Grief if not grieved becomes a nasoor.
— As shared by Alif with The Health Collective
- Malaal by Alif
It is in the following song that I first saw my emotions being validated, simply by seeing them being depicted. I also saw the story of Kashmir unfold in front of me; and so I saw myself in Kashmir and that gave me strength.
You can find Alif on Instagram @everythingisalif and the front man of the band Mohammad Muneem @mohammad.muneem; on Twitter: @Alifsmusic and @Mohammadmuneem
- Colour White by Parvaaz
Parvaaz is another popular Kashmiri rock band based in Bangalore. This song feels like an ode to the recurring mantra ‘this too shall pass’. The shades of the mind and heart are just as transient as my favourite time of day – dusk! ‘Shamjaan’ goes the chorus line aptly. It is beautiful to listen to with the setting sun.
sochna dil kabhi shaman zor hai / at times the heart is almighty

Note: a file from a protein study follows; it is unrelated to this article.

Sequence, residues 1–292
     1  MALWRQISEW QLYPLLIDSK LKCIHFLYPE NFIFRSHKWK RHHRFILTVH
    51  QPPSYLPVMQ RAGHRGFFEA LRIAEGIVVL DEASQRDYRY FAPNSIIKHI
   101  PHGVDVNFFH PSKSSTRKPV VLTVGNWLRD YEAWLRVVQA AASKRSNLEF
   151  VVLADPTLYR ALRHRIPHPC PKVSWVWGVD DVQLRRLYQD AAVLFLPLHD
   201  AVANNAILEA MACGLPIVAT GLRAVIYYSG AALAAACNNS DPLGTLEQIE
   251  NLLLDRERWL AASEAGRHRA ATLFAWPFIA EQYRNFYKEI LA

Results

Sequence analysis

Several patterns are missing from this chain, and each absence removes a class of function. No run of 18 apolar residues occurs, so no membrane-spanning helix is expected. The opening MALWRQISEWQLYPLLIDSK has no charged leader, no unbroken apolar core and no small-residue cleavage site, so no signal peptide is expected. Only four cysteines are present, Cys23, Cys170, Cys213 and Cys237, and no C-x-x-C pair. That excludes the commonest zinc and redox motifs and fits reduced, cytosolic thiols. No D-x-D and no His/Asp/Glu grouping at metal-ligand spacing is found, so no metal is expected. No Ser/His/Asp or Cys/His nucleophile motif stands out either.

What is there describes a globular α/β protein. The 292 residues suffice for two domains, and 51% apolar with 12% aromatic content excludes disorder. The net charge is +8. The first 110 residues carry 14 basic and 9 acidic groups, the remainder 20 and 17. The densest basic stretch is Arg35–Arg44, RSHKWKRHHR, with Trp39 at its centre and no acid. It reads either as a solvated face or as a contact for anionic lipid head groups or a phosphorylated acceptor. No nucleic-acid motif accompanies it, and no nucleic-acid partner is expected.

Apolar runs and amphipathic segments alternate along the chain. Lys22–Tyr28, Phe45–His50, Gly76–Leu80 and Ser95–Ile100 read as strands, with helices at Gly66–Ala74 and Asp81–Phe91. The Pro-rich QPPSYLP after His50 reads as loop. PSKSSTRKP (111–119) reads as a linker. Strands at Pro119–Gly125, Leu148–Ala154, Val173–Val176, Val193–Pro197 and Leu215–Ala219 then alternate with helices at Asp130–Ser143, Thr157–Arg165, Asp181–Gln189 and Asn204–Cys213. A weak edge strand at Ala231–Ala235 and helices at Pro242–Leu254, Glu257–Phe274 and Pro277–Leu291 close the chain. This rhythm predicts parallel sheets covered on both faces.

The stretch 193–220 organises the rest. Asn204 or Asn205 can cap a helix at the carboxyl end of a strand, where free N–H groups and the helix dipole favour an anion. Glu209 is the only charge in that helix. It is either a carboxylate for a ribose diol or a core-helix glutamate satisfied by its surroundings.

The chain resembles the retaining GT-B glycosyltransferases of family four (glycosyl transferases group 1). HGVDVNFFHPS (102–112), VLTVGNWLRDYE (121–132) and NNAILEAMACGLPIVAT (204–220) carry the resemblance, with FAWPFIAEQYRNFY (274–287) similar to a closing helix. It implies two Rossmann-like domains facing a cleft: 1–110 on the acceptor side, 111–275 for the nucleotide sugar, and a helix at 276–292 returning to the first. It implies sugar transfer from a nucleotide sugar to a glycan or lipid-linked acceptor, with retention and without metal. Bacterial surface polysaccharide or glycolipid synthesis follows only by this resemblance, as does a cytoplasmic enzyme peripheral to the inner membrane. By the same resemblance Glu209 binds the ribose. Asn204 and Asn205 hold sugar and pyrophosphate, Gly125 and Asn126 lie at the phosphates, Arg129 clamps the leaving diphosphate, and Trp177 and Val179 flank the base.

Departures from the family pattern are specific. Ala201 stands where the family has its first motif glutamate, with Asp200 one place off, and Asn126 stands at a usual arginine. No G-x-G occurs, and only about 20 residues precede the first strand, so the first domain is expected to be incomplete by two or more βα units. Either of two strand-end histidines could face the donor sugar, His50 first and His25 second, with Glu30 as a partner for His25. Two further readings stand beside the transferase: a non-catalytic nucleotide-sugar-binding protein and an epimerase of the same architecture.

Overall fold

sochna dil bezaar kyun / and yet so helpless?
ho gaya phir bemaar kyun / how so sick again?
shamjaan / O beloved night!
(my revised translation)
4. Like a Sufi by MC Kash, Alif | ‘India’s First Sufi Rap’
While there is anxiety, there is also faith and poetry. Kashmir has had a confluence of cultures as well as an age-old Sufi tradition. This powerful track ties in that spirit of Kashmir.
Bhrigu Sahni | Tanpura Jam Series
The Tanpura Jam Series is a weekly exercise in relaxation to draw oneself to the awareness of the present moment through music, by guitar virtuoso Bhrigu Sahni.
Bhrigu writes: ‘I feel it necessary to record and share these sessions with you. Especially in these times, may it bring you the same feeling of peace and serenity that it brings to me. Note – This is best listened to at the start or towards the end of your day.’
Note: You can find details from the full report conducted by MSF in collaboration with Institute of Mental Health and Neursociences (Kashmir) and Kashmir University here.
Disclaimer: Views expressed are personal. Share your stories with us, if you like — Tweet @healthcollectif or mail us right here